Tyrone Johnson has just graduated college and is looking to join a professional dance troupe in D.C. when two men from his past turn up quite out of the blue. Arnaud is a French choreographer who had been a sexy diversion in the summer camp where Ty worked after high school graduation. Ty thought they had something special until Arnaud went back to France with no warning or communication. Nat was Ty’s next-door neighbor growing up and he was an honorary member of the Johnson family, since his homophobic military father was not around much. Ty loved Nat, and was sorely disappointed when Nat ghosted him in high school, right as he was coming out. Ty watched Nat hang with the jocks and the beautiful, bigoted girls and tried not to visibly mourn the loss of his closest friend, and his first real love.
Now, Nat is out as bisexual, disowned by his family, but living his truth and hoping to earn Tyrone’s friendship—or more—back. Nat works with the Rainbow House, a homeless shelter for queer youth that took Nat in when he was destitute. Nat’s determined to build a network of LGBTQ support at Virginia colleges with a special focus on Black queer folk. Through mutual friends, Nat’s enlisted Ty and his fellow queer grads to help fundraise to create an LGBTQ dorm at their alma mater. Nat and Ty are both Black, but have had very different coming out experiences. Ty’s family are nothing but love, and they are more than happy to welcome Nat back to the fold. Ty isn’t so willing to forgive his grievances with Nat, but Nat is really working hard to show that he’s not going to run this time.
Meanwhile, Arnaud is a guest choreographer with the very dance troupe where Ty manages to get a spot. He’s as smooth talking as ever, promising Ty prominent lead positions in his troupe here, and in Europe, if Ty will join him in France when the summer ends. Arnaud is sexy and alluring and he is non-stop trying to get into Ty’s dance belt. As Nat becomes more and more invested in fundraising and setting up the LGBTQ services on campus, Ty feels a pull to make something more of himself—maybe take up Arnaud on his offer of a position in his nascent dance company. Doing so would mean a big and long-term separation from Nat, with whom he’s only just settling into a groove. But, would Nat even have time to spend with Ty if he remained in the States?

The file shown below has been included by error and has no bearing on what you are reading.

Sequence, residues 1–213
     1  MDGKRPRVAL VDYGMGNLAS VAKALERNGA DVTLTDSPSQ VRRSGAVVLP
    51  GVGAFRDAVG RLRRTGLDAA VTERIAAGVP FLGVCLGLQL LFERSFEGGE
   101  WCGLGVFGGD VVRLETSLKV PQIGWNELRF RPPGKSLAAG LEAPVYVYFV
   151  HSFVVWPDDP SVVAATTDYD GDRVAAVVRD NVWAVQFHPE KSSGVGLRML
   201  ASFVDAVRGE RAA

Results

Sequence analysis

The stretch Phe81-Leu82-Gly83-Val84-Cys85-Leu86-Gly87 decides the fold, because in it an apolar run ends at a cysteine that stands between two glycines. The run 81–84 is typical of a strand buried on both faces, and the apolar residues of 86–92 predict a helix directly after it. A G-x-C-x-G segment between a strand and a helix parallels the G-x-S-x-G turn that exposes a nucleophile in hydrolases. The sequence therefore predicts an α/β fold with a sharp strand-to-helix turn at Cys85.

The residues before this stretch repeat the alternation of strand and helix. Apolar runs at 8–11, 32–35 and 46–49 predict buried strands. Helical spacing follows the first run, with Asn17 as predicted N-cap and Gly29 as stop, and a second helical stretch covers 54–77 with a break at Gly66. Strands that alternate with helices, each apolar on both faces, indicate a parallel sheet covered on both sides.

The Dancer’s Dilemma is the third book in the Campus Connections series, but fine to read as a standalone. The MCs of previous stories are secondary characters here. This is an interesting and twisty road to love for Ty, who’s heart has been through the wringer with both Nat and Arnaud. He so desperately wants a man to cherish him, want to spend time with him, and value him as a person. Ty struggles with his own self-image, thinking that he’s letting down his folks, and queer peeps in general, if he isn’t out there organizing communities and spearheading committees like Nat does. Ty’s nearly committed to moving to Europe just because it’s a step up in his career, not that he has any true interest to move countries. He’s letting his insecurity blow him around instead of recognizing the role he has to play in his own life, and the lives of his beloved friends and family. It’s only when a dear friend lays out some hard truth that Ty realizes his mistakes are only getting bigger and worse.
I liked both Ty and Nat, and mostly enjoyed their relationship dynamic. They have so much love, but Nat’s workaholic tendencies create distance and tension, which feeds Ty’s insecurities. It’s a sweet and a little steamy story, with Ty finally claiming the happiness he’s longed for, and making the decision that is right for him both personally and professionally. Ty is an affable and audacious man, and he’s thrilled to be loved out loud, like his besties who all have serious boyfriends. Ty tells the story, so we see first-hand his hurt and struggle regarding whether to respond to either man’s overtures or just stay single and hope someone even better comes along. I loved Ty and his joy and fun and his deep love for his family and friends. I think readers who enjoy stories about dance, second chances, and people of color will really enjoy this one. The happily ever after is guaranteed.